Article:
In Stage 1, It’s time to hit the reset button. Rather than beginning with half-baked inferences or incomplete information, use the Zen concept of beginner’s mind and start with a clean slate.
Get rid of your assumptions and approach the tune as if it’s the first time you’re learning it because this time, you’re ACTUALLY going to spend the needed time and effort to learn the details of the tune that are required to play it well.
At this point you’re unconsciously incompetent, but not for long…
Stage #2: Defining what it is you don’t know
When most people go to learn a tune, they jump right into learning it without a plan, and this can work. But, with a plan, you’ll generally become more proficient in much less time.
A good plan starts with understanding the nature of the problem before seeking out solutions. And in the case of learning jazz standards, this is all about finding the gaps in your knowledge and bringing them into the light.
To get from Stage 1 to Stage 2, you have to determine what exactly it is you don’t know…You can think of these as your “basic requirements” to become competent.
So if I’m trying to become competent at performing There Will Never Be Another You I have to first think what it is that I don’t know…
So, what do I NOT know?
- The famous recordings of the tune
- The form of the tune
- The common keys the tune is played in
- The accurate chord changes to the tune
- The accurate melody to the tune
- How the melody and harmony relate
- How to play simple chord voicings of the chord changes at the piano
- The places in the chord changes that give me trouble
- The places in the chord changes that I have minimal or no language for
- Common chord substitutions or alterations
This is by no means a complete list, but you get the idea….
Defining the things you don’t know for anything you want to learn is the ONLY thing you want to focus on during Stage 2. Not FULLY understanding what it is you don’t know will lead to incomplete or poor results.
By spending a little time to list out everything I think I don’t know, and remaining aware during the process of learning so I can ADD to this list, I will constantly understand what problems I’m actually trying to solve.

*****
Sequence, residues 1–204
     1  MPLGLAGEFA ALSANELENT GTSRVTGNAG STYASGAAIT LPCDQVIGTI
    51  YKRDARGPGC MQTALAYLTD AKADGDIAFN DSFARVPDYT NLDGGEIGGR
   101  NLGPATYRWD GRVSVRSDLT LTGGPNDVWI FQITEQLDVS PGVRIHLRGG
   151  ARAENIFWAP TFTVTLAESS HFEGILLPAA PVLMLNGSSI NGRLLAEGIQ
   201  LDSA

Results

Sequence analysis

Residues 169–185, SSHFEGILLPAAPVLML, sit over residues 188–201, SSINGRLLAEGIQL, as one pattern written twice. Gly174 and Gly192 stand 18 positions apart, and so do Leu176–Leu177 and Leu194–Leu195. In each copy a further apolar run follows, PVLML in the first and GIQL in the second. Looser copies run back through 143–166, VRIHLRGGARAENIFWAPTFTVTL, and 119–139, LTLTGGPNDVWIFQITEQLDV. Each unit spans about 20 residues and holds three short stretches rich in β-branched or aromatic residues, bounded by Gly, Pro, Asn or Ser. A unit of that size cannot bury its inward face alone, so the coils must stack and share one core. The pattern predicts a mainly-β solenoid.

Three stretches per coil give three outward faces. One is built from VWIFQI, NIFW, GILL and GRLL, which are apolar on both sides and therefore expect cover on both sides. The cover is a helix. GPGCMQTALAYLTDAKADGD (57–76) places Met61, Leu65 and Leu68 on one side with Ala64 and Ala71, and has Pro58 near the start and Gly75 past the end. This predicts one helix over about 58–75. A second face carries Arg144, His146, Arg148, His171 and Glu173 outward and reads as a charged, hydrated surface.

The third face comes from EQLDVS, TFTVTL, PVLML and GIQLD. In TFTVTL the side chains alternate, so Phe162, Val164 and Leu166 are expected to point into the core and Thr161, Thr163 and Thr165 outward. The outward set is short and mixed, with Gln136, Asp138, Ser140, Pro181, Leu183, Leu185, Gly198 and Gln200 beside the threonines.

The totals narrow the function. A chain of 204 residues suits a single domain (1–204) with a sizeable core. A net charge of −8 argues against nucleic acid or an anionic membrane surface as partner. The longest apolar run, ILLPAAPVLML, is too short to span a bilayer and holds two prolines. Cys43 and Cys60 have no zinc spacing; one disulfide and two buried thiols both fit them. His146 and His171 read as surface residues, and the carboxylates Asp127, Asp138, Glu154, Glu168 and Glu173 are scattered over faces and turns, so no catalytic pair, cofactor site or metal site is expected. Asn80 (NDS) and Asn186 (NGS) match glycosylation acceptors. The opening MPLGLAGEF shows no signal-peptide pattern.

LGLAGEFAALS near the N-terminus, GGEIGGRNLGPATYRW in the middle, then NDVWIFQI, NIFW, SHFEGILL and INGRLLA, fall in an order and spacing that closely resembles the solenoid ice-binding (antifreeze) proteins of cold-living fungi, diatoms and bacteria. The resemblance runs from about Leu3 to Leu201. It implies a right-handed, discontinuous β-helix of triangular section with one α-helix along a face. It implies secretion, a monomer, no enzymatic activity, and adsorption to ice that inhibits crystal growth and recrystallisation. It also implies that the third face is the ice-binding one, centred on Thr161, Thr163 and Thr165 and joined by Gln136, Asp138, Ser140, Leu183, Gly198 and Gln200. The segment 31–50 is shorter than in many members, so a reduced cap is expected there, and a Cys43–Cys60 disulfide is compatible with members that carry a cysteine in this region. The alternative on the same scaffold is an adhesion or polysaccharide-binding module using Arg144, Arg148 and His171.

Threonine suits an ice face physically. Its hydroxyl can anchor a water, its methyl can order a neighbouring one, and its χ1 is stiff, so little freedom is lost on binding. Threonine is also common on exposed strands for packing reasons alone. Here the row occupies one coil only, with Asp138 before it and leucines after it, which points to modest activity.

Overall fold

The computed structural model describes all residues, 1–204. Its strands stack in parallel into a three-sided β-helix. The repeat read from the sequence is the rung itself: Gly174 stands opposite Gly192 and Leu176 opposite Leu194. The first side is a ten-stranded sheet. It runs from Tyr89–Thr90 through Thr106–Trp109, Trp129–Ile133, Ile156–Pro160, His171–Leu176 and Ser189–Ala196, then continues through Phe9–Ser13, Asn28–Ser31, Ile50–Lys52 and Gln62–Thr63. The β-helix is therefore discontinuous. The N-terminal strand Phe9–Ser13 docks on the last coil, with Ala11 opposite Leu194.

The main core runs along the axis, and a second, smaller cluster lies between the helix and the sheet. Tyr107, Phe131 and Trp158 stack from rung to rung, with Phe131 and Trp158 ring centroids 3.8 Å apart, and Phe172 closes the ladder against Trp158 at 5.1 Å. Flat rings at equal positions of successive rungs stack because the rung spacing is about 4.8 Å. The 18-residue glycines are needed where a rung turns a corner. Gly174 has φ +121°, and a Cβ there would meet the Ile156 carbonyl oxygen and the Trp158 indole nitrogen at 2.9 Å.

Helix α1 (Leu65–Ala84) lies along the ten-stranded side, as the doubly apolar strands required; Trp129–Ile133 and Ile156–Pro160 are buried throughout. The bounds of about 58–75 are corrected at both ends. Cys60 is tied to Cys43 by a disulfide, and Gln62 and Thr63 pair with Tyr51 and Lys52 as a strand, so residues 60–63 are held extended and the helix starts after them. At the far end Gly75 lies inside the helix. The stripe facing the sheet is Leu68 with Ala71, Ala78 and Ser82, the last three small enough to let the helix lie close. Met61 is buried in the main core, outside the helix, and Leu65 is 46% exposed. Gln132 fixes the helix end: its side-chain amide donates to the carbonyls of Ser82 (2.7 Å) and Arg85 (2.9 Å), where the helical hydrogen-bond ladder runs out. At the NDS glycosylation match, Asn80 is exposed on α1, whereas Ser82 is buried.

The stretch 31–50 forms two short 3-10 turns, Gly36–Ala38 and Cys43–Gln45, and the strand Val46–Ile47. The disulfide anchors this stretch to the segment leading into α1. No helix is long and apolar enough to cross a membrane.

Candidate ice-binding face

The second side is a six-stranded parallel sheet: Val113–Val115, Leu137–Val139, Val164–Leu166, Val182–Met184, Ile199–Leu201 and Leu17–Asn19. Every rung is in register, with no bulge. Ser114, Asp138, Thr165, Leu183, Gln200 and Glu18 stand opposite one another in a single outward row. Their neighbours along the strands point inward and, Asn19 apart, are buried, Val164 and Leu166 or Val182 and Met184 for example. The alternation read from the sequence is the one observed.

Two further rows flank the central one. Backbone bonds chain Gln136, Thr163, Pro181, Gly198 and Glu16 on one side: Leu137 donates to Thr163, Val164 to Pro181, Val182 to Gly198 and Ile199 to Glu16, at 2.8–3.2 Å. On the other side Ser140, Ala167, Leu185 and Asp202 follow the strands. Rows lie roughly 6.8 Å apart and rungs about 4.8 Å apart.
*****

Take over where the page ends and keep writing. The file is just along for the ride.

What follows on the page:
You’re now consciously incompetent which means you’re on the right path to becoming competent, quickly and effectively.
Stage 3: Attaining basic competence
In Stage 2, you defined a preliminary list of what it is you need to work on to become competent…
But just when you thought you had it all figured out, you’re thrown a curve ball because the nature of the problems and things you don’t know expand and change as you go deeper into the learning process.
In a way, the more information you learn, the more you become aware of how vast the information is that you actually don’t know…
So at this point, you’re actually still in Stage 2 but moving toward Stage 3 because you’re still figuring out the things you need to know, like the places in the chord changes that need extra work.
Th transition from Stage 2 to Stage 3 could take a day, a week, a month, or even many years…and it all depends on these two things:
- How well you’re defining the things you don’t know
- How well you’re approaching the things you don’t know
If you’re brutally honest with yourself and highly observant, you can quickly articulate the things you don’t know for a tune. For example, If you’re learning There Will Never Be Another You, as you begin to work on it, you might realize there are huge gaps in your jazz language and you don’t know :
- Clear and Interesting Major language – The first two bars of the tune are major chords. If all you have is a major scale at your disposal, it’s going to be quite difficult to make an interesting melodic statement.
- How to effectively play over half diminished chords – In the third measure of this tune you’ll encounter a half diminished chord and for some reason, the half diminished chord is tricky for most people. If you haven’t learned language or spent time practicing these chords, you’ll need to do so if you wish to play this tune well.
- How to play over a dominant chord with a #11 – Later in this tune, you’ll encounter the II7 chord which many times you’ll hear with a #11 voicing. Emphasizing this color in context is part of the sound of the these chord changes.
- How to vary my ii V language – There are several ii Vs in these chord changes and if every time you’re getting to them and playing the same lines or concepts, then it’s time to figure out some new material and ideas.
Or maybe you realize as you’re practicing There Will Never Be Another You that your ability to hear chord changes from the recording is limiting you, so you might not know:
- How to hear the sound of a major chord 7 when it’s voiced – You might have worked on hearing major chords in root position, but when they are voiced you’re having difficulty.
- What the sound of a dominant 7 #11 chord is – You might be familiar with the sound of a dominant chord, but become completely lost when the color changes with the #11.